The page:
You don’t suddenly lose your hearing one day when you wake up. Hearing loss happens gradually over time for most people, particularly when it comes to aging. Age-related hearing loss affects about one in three people in this country. Often, the change isn’t even recognized until after the age of 75. You may not realize the trouble right away even though some signs show up earlier.
Early hearing loss has gradual and subtle symptoms. Recognizing them as soon as possible is essential to slow down the progression of hearing loss or other health problems related to hearing loss. However, if you’re not sure what the signs are, you can’t recognize them. Think about these eight barely noticeable clues that you could have hearing loss.
1. Ears Ringing
Okay, this isn’t exactly a subtle sign, but it is something people tend to ignore unless it’s distracting. Tinnitus, the medical name for the ringing, is a common symptom of hearing loss.
The ringing can be intermittent and only act up when triggered. Perhaps the ringing only takes place when your tired or in the morning for example.
It’s essential that you don’t neglect tinnitus because it is an indication that something is happening with your body. Besides hearing loss, tinnitus can be caused by high blood pressure, trauma, or a circulatory problem. If you want to know for certain, you will need to consult your doctor.
2. Talking on The Phone is Stressful
Here are some common excuses for phone problems:
- My phone is out dated.
- I dropped my phone in water or on the ground.
- I’m not used to my phone’s newer technology yet.
If you hate talking on the phone consider the reasons why. If you have the volume all the way up and can’t understand what is being said, let a friend test the phone for you. If they can hear the conversation and you can’t, your ears are the problem.
3. These Days it Seems Like Everybody Mumbles
Recently, it’s not only the kids, but also your neighbor, the news anchor, and even your spouse that have started to mumble to you. Could it actually be possible that suddenly everyone in your life has poor enunciation.
It’s much more probable that you may not be hearing words in the same way. Mumbling or dropped off consonants like “S” or “T” is one of the first signs that your hearing is changing.
You may not even realize that you can’t hear conversations any more until somebody points out that you say “What? a lot. Usually, the first to recognize you have hearing loss are people you see every day like coworkers or family members. Pay attention if someone comments on it.
5. Some People You Hear Fine But Others Not so Much
Perhaps you can hear the neighbor fine, but when his wife starts talking, everything gets muddled up. You can have sensorineural hearing loss, or damage to the nerves that send electrical signals to the brain, and this is a common symptom.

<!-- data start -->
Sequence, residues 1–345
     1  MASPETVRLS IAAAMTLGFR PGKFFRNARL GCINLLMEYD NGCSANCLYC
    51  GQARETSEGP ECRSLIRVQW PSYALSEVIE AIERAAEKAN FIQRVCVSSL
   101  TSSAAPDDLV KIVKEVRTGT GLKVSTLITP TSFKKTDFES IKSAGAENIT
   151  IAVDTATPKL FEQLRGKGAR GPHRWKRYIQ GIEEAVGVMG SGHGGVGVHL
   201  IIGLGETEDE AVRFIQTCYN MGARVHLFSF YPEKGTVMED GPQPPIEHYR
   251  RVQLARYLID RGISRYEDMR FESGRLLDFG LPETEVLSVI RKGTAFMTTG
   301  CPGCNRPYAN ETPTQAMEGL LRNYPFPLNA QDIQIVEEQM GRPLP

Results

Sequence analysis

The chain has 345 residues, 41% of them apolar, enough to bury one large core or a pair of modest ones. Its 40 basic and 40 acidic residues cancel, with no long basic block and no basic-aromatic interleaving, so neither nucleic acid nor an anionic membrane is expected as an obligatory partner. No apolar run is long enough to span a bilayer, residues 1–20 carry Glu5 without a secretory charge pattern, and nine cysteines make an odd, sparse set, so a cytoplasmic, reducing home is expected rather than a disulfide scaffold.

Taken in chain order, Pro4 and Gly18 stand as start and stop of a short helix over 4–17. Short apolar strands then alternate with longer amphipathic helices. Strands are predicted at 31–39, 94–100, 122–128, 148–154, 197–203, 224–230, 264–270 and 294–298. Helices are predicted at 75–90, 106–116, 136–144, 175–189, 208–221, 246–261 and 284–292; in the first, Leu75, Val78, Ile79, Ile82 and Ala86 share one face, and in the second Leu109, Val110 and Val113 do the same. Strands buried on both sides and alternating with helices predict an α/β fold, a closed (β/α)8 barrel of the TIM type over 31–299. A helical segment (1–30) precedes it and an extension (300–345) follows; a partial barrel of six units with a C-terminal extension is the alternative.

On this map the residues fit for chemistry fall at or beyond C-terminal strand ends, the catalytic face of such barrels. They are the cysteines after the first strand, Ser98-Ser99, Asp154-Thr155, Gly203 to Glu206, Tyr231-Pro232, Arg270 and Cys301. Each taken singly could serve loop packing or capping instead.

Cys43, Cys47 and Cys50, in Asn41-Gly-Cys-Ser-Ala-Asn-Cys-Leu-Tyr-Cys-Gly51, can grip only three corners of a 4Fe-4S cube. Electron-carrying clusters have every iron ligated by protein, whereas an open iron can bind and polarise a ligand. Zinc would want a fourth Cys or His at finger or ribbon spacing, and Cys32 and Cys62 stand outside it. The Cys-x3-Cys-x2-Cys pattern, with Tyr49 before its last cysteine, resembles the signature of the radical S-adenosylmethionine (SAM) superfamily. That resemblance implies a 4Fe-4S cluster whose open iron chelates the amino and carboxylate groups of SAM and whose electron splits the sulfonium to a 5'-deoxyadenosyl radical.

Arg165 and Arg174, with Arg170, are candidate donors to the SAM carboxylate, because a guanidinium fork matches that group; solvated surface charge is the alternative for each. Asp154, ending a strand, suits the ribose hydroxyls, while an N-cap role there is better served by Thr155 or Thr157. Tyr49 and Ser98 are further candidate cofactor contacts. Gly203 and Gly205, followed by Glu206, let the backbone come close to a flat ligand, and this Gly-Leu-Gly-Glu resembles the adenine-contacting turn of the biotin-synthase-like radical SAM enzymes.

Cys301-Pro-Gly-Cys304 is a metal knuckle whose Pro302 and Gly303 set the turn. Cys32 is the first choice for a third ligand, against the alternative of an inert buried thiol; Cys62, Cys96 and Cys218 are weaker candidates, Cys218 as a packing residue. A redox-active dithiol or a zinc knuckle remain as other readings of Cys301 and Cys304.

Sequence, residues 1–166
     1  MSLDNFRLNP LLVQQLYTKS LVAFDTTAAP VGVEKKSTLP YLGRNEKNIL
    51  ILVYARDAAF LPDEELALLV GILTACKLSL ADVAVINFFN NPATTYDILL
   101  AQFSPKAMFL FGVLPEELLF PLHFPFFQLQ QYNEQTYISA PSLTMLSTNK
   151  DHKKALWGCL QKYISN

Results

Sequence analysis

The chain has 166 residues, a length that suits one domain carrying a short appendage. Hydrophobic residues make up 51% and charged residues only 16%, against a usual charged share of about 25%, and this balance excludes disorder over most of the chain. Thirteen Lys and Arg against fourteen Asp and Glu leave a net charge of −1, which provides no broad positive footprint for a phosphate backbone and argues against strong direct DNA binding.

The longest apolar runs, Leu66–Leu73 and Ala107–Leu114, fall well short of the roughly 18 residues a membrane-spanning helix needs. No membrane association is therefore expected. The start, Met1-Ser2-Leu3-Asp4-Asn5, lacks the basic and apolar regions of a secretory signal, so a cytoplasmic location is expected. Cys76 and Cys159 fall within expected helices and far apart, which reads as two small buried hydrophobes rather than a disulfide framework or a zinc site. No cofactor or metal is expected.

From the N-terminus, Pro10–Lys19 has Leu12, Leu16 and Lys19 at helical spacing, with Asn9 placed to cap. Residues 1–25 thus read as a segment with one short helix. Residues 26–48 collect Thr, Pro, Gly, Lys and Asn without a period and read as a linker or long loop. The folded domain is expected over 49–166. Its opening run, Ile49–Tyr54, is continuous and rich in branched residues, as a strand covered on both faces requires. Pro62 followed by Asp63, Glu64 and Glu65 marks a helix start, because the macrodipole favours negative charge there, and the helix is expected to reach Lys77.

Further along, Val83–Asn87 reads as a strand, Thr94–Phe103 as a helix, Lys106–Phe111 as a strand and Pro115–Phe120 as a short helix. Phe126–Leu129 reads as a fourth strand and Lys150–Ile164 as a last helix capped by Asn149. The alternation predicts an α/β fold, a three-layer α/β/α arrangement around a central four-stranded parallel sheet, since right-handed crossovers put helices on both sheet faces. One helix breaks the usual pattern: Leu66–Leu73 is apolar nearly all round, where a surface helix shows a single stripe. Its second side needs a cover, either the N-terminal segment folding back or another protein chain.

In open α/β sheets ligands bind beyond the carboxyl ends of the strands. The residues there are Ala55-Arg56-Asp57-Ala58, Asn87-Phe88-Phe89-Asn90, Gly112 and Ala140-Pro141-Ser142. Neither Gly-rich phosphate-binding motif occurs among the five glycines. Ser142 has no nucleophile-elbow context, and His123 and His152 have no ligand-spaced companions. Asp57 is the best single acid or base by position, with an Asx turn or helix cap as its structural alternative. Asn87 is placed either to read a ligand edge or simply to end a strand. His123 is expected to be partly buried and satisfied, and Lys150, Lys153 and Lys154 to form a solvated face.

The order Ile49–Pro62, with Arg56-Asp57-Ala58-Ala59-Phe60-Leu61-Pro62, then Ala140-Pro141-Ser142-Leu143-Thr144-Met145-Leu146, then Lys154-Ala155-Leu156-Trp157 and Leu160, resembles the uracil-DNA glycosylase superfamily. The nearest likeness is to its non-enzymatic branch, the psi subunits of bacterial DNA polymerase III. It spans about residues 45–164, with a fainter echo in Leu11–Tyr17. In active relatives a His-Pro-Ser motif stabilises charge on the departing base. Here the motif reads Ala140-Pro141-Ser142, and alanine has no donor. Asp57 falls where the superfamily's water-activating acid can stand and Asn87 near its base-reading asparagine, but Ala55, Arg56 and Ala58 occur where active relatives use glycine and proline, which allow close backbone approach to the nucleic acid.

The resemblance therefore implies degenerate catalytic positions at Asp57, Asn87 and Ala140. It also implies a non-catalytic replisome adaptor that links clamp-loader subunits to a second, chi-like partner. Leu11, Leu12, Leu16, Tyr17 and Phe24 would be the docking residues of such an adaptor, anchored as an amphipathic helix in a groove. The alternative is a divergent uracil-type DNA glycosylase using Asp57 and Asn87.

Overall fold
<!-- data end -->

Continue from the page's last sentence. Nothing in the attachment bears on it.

Her voice is a higher pitch, and that’s why it isn’t as clear. You might have the same issue with your grandchild or daughter. Even technology like the microwave or an alarm can throw a loop into things. Those tones are high pitched, also.
6. Going Out Used to be Much More Fun
Worse yet are the people who actually mumble. Also, it’s much more difficult to comprehend what people are saying when you are in a noisy place. It becomes impossible to hear anything when you are at dinner and people start conversing around you or the AC pops on.
7. You Are More Tired Than Usual
Battling to comprehend words is fatiguing. You are more fatigued than normal because your brain is working harder to manage what it hears. You might even notice changes in your other senses. If your brain is using 110 percent of its time and energy to comprehend words, what’s left for your eyesight or balance? It’s time to have your ears tested if your eye examination came back okay.
8. That Dang TV
It is easy to blame the TV or the service provider when you have to keep turning up the volume, but if this is happening all the time, maybe it’s time for a hearing exam. It can be difficult to follow people talking on TV shows when you have loss of hearing. There is the background music confusing things, for instance. What about the other sounds in the room like the AC or the ceiling fan? If the volume keeps going up, then your hearing may be failing.
A professional hearing test will tell you for sure and that’s the good news. Hearing aids should get things back to normal if it turns out that you have a hearing problem.